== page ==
Sunday, June 29, 2008

veteran's day and acknowledgement of the children of the resistance

june 29 2008

It was veterans's day yesterday.

I watched part of the parade on TV, and then started searching for more info on my dad's time in England.

I looked at the lists of names of some squadrons, spoke online with some people I thought might be able to help me and then ended up screening sites here in The Netherlands itself.

My mother is very traumatized by the war and she doesn't want to know anything about it, otherwise we could put a request in at the RAF, and things would be clear soon.
Without her, I can't do anything official, and just search and search and search.

When I was young, I loved all the stories that were told in my family.
But now I'm older I slowly start to realise how this all has affected the way I deal with injustice in this world.

Like my father, who thought he could help change the course of WW2, I feel I have to take upon me to change matters that need to be changed.

It made me curious how the past of a family which took part in the resistance has formed the way I perceive the world.

I landed on a site for children of people who have been active in WW2, either in the resistance or as part of the allied forces.

One of the stories was very interesting for me.

I think I'll get in contact with the foundation and apply for membership.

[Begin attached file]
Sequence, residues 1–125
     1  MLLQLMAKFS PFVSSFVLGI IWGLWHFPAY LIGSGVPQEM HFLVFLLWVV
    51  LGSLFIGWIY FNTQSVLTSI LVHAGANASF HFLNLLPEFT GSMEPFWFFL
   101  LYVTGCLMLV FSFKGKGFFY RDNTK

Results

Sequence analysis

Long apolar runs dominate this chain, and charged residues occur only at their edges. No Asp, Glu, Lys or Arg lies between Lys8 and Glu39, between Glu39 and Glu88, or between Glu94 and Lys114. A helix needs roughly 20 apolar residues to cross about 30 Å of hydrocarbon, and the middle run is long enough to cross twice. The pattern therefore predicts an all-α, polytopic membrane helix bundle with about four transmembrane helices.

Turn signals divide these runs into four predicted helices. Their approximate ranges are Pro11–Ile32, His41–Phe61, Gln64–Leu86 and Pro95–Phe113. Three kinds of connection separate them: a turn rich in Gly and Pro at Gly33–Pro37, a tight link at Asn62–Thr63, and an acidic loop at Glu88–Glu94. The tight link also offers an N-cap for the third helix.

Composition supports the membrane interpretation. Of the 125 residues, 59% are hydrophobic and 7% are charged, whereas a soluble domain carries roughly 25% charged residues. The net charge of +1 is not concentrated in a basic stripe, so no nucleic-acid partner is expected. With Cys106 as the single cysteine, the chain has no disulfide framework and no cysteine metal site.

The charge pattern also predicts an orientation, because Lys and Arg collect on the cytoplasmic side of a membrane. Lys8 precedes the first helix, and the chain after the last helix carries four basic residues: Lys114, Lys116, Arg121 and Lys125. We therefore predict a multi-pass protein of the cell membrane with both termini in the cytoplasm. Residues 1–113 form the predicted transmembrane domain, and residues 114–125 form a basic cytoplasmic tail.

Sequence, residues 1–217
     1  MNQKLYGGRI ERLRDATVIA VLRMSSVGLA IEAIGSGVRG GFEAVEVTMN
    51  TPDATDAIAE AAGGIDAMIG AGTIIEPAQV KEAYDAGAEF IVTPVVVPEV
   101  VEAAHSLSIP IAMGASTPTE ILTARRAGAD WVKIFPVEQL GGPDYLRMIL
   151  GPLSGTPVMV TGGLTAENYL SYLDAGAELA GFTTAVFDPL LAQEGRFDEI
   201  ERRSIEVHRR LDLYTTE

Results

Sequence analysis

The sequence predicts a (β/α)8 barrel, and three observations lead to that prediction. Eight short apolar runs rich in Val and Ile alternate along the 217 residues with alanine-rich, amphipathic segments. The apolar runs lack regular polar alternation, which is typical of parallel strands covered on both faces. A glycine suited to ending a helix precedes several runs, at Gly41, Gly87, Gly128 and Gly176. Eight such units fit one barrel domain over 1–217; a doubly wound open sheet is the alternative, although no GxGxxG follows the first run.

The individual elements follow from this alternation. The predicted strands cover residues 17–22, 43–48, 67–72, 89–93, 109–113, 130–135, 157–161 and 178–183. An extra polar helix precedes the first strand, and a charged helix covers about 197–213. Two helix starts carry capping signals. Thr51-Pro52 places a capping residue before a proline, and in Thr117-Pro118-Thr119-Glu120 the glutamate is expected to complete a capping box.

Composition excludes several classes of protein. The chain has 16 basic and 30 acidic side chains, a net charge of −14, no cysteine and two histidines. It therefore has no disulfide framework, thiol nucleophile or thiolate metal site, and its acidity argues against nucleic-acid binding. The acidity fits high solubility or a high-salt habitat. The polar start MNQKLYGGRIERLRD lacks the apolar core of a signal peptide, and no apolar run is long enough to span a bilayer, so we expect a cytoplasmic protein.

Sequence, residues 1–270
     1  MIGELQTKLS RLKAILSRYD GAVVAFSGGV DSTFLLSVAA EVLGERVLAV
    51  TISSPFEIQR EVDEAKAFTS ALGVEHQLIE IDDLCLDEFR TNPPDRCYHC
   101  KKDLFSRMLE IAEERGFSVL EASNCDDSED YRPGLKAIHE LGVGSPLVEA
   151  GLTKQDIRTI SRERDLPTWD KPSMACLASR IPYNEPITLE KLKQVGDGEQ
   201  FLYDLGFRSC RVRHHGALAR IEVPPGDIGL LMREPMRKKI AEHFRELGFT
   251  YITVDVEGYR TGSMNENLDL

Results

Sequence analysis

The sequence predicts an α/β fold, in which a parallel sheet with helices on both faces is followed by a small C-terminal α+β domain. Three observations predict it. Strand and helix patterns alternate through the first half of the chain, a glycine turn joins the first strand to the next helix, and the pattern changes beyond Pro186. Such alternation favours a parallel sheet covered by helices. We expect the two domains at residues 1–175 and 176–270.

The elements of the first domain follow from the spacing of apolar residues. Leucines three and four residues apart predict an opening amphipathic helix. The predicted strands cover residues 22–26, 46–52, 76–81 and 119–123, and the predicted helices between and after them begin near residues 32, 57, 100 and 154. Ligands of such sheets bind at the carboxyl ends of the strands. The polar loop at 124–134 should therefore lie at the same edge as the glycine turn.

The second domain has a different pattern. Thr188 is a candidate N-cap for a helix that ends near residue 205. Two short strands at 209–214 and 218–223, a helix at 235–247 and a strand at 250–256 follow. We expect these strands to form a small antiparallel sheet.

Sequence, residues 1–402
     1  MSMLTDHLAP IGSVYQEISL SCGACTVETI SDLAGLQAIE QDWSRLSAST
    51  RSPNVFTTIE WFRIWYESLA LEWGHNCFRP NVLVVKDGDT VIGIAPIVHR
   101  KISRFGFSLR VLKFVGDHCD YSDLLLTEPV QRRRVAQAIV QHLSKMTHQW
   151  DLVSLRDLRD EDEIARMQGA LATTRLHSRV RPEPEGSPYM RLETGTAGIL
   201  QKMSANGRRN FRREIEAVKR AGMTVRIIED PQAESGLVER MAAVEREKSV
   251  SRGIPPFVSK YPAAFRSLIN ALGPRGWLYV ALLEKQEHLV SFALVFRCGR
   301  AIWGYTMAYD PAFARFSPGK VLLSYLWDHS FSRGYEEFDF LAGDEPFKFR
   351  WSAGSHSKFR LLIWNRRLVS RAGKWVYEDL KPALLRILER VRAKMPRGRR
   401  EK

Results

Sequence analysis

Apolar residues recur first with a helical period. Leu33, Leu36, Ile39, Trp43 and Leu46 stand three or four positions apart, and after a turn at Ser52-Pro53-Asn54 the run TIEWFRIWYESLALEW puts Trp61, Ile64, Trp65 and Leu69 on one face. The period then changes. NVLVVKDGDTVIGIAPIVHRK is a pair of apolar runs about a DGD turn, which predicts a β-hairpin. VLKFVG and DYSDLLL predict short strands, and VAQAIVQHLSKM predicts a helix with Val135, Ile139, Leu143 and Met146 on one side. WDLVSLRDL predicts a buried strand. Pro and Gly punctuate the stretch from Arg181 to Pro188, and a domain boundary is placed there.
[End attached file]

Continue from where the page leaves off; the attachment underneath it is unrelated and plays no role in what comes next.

For the first time I experienced a feeling of belonging and of acknowledgement of my feelings.

Because my family was large, they could hide their activities well.
I'm not even sure if the person who is going to write a book about the resistance knows about all the courageous activities of my uncles and grandparents.

Ofcourse I don't know all the stories.
They kept the ugly ones away from birthdays, I guess.
But I know quite a lot of interesting incidents.

Maybe a new part of my life has started... a time to learn more about myself through the past.



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2 comments:

  1. I tried to comment on your buzzfuse, but it's out of order again.

    I'm sorry.

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  2. It's so important that the stories from WWII are recorded. By that I mean the personal accounts, the stories of what happened to ordinary people. I lived in Paris for a time and met several elderly ladies, English but who had married Frenchmen just before the war. They had some incredible stories to tell but nobody was recording them. I jst wish I had thought to do it at the time.

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